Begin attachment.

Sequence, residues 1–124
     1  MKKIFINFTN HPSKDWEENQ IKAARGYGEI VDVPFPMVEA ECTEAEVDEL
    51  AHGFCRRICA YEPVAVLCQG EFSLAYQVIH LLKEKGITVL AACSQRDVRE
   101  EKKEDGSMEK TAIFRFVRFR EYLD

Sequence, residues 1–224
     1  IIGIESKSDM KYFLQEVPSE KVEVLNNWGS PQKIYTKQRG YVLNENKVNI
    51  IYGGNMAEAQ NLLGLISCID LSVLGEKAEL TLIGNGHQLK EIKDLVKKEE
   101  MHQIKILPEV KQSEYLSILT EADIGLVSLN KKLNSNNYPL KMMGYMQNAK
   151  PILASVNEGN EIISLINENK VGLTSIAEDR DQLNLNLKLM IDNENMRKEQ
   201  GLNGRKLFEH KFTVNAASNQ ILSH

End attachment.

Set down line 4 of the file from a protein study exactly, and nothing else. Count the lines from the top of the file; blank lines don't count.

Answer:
   101  EKKEDGSMEK TAIFRFVRFR EYLD